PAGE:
In Fraserburgh, young men dream of escapism through late-night drag races. Finnie used to be one, but now he works at the fish factory and it's his son's turn to race. Until one night he steals the boy's car for one last joyride.
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In the Northern Scottish town of Fraserburgh, young men dream of escapism through late-night drag races. Finnie used to be one such lad, but now he works at the fish factory and it's his son's turn to dream and race. Until one night when Finnie steals the boy's car for one last joyride.Written by
Tribeca Film Festival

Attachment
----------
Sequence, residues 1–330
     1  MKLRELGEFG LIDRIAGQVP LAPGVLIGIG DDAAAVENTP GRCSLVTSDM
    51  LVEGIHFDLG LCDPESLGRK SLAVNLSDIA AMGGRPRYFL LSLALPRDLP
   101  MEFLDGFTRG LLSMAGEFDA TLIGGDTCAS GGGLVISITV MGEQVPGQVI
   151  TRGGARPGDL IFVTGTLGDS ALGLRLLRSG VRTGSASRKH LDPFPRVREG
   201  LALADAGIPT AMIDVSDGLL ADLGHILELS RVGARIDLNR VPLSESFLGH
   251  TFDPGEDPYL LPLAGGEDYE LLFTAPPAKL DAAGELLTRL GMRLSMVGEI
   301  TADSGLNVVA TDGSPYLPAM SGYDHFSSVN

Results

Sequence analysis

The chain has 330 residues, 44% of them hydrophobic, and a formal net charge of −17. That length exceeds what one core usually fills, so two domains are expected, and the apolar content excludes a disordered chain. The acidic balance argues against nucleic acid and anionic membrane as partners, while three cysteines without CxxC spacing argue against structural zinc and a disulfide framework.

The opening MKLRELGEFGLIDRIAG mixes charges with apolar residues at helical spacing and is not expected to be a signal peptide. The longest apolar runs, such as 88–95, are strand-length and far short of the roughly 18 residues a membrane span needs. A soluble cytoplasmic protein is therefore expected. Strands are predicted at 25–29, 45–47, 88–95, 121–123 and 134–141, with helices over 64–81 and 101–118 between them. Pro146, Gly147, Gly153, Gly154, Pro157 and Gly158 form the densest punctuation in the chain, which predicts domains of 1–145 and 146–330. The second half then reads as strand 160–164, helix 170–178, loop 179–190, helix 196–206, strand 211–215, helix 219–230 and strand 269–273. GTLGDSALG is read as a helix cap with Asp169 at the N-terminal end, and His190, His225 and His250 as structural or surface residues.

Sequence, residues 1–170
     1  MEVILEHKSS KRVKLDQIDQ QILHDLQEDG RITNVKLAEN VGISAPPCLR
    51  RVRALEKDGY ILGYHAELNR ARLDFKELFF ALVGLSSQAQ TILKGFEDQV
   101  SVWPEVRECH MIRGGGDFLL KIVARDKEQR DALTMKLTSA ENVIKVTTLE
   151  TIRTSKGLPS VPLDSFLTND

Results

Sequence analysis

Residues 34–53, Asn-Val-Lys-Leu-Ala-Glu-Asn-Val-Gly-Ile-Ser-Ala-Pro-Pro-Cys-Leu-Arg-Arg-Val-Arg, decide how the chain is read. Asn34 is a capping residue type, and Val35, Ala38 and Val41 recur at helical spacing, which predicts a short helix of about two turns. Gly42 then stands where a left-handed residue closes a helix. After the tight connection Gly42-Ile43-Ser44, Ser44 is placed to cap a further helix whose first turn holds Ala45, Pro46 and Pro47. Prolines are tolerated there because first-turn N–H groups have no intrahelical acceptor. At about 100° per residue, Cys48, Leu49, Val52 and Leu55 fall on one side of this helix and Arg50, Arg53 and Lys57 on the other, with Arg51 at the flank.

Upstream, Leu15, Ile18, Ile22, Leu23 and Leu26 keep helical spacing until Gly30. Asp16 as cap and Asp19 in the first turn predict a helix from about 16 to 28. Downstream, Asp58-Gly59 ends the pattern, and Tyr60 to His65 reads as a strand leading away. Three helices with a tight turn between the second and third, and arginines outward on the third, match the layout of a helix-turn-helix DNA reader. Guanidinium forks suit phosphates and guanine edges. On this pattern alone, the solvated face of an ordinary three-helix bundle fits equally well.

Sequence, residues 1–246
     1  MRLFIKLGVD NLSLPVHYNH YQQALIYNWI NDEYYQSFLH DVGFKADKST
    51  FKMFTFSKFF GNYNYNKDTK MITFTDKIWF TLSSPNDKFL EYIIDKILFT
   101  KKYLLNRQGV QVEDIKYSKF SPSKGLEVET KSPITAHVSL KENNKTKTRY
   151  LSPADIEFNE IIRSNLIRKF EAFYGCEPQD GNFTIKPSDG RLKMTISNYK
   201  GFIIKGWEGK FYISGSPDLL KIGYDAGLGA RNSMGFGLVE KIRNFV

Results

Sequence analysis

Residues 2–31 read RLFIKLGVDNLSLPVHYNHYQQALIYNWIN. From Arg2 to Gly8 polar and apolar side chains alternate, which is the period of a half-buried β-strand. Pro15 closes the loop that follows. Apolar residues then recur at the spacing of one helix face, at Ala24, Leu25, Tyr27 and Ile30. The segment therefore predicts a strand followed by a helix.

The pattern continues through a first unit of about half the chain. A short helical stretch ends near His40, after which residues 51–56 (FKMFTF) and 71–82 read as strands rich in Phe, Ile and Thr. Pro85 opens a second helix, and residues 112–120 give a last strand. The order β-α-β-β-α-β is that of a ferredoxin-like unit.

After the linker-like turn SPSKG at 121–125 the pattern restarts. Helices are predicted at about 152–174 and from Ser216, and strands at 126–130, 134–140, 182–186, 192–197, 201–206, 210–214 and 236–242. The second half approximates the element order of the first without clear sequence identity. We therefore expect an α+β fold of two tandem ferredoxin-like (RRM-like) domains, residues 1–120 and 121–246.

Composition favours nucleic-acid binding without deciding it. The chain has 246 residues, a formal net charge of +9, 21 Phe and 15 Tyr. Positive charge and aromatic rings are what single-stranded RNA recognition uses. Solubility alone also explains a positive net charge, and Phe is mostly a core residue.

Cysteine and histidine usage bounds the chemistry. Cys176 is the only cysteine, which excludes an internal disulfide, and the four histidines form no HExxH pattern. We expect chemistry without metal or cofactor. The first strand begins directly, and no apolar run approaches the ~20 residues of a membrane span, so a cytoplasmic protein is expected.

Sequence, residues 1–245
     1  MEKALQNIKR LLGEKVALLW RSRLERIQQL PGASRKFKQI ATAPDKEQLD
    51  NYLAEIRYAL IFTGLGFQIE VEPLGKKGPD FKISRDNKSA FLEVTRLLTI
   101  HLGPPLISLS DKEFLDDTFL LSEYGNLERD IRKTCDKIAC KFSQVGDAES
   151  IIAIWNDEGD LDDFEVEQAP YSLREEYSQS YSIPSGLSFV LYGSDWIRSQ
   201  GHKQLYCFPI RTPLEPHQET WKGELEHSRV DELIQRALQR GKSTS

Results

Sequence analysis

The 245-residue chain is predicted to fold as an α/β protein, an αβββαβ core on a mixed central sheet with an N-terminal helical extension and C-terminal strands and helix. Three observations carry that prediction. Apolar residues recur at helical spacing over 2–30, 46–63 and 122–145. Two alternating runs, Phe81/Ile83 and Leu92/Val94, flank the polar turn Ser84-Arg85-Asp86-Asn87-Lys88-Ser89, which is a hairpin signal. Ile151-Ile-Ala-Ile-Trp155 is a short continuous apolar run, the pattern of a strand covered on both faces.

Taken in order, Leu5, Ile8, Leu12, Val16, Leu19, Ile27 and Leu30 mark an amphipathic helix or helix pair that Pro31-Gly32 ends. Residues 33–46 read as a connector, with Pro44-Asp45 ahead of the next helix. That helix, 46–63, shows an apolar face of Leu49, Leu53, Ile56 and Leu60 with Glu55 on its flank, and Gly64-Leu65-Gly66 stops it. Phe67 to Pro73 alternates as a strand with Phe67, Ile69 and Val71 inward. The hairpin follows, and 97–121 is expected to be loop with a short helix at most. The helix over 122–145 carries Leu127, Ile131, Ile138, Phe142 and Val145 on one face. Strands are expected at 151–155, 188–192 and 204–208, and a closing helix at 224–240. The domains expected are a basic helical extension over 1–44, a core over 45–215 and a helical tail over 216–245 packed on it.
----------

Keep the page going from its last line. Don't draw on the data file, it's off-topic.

This is quite an interesting observational piece that goes some way to illustrating the lack of opportunities and activities in small, one-industry, towns. This film is based around Fraserburgh - a town of 13,000-odd folk in the north of Scotland that is home to a fishing fleet but very little else. Mark Stanley is "Finnie" a Fraserburgh lifer who works in a fish processing factory. His son does too, at least until the start of this 24 hour dip into their family lives. His wife works in a hairdressers and they have another younger schoolboy child. Late at night, after a fairly "lively" attempt at a family dinner, "Finnie" borrows his son's car and goes for a bit of a joyride - picking up his son's pregnant ex-girlfriend en route and they race a few local youths then the breakers on the sea wall... anything for an adrenalin rush, it would seem. Unfortunately, we only really get a superficial look at the characters; the frustrations and mundanity of their existence is writ large, but therein lies the film's problem - it is a bit like watching goldfish in a dirty bowl; we see but cannot empathise or really engage. There is lots of pent up anger amongst the family; but also some affection - which neither "Finnie" nor his son "Kid" (Anders Hayward) have a clue how to demonstrate. It is worth watching, but is remarkably unfulfilling and empty.
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